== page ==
The young 6-pointer was still under Arthur’s stand. When it suddenly jumped a few feet, the bigger buck took notice. Instead of running, however, it began sneaking forward.
“It was looking at the younger buck. I was afraid to even breathe,” Arthur said. “It was only 20 yards away, coming straight to me.
“I knew if I spooked that buck, it would be gone, never to be seen in those parts again. It was approaching very slowly, and I had no idea what the 6-pointer was doing because I couldn’t take my eyes off the big boy.
“I very carefully raised my ancient crossbow. I didn’t have to worry about range or elevation. I aligned the string of sight pins along its back and fired a bolt right between the antlers and smack between its shoulders.”
Just as the buck took off running from directly under him, Arthur saw the glowing nock down inside the wound channel.
“After I resumed breathing, I listened as the deer ran away. I could hear it in the corn. It circled around to my left, and then all noise ceased. I did not hear a crash, just a sound I couldn’t distinguish at the time.
“I called Andrew to let him know I had stuck a true monster. Then I called the farmer to share the news. He said he was just sitting down for dinner, and he would come out to help track as soon as he could,” Arthur continued. “My son arrived as daylight was fading. I told him the story while we waited for the farmer.”
When the farmer arrived a few minutes later, the men began following a sparse blood trail into the corn. They eventually exited the field, went back into the woods, and wound up at a pond. The last sign they could decipher indicated the deer had circled the pond.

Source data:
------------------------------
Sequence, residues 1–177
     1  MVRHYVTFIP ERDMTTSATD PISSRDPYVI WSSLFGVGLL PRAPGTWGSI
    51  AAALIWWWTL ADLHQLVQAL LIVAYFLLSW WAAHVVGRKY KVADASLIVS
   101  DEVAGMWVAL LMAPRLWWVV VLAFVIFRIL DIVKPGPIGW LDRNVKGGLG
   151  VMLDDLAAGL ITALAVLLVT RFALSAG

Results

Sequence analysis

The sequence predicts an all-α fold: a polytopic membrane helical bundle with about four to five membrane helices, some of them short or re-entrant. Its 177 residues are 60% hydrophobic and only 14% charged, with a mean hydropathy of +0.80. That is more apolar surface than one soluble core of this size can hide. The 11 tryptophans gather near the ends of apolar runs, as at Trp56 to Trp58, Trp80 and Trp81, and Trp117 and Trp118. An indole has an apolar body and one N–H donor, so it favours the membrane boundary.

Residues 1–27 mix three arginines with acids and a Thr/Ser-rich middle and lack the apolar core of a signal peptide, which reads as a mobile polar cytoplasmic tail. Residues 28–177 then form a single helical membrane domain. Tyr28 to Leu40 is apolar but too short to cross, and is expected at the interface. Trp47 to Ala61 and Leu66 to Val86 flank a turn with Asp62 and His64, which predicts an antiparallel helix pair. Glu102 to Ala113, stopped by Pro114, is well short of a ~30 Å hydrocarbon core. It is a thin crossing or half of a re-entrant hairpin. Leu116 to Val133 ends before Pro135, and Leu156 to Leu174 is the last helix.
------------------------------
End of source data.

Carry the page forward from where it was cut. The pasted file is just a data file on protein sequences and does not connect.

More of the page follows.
Even after losing the trail, the guys continued searching for several hours. They threw in the towel around midnight.
“I was dog tired, but I could not sleep,” Arthur said. “I roused myself and went to the bookshelf to retrieve a book I had on tracking wounded deer. I read it through and then slept for a bit.
“Andrew had to work a few hours the next morning, so I called my youngest son, Adam, who offered to bring a friend. I also called two men I knew who are good trackers. We all agreed to meet at the farm a little later.
“Adam was confident we’d find the animal,” he added.
As they were driving down the lane to the farmhouse, Adam yelled, “There’s your deer right over there. I can see it!”
Arthur couldn’t, at first. His son had to direct his gaze to the pond, where a hint of white belly and legs were floating.
Arthur, Andrew and the landowner had circled the pond a dozen times that night. They’d shone their flashlights over the body of water, but the beams couldn’t penetrate the gathering fog.
Adam wasted no time in wading out to grab the deer and pull it by the antlers to the shore. Arthur filled out his tag before they finished dragging it from the water. Everyone gawked at the buck lying on the bank. It was almost too big for their brains to process.
After the celebration, Arthur turned the animal over and grabbed a leg to begin the task of field-dressing. In doing so, he cut his hand on the barely protruding broadhead, which almost resulted in a better blood trail than the one left in the buck’s wake.
Editor’s Note: Ed Waite is a master scorer and regional director for Buckmasters Whitetail Trophy Records. A longtime contributor to Rack magazine, he has also published three volumes of big deer tales, “Wallhangers” I, II and III, which are available at book stores, on Amazon and through WallhangersUSA.com.
This article was published in the October 2017 edition of Rack Magazine. Subscribe today to have Rack Magazine delivered to your home. Read Recent RACK Articles: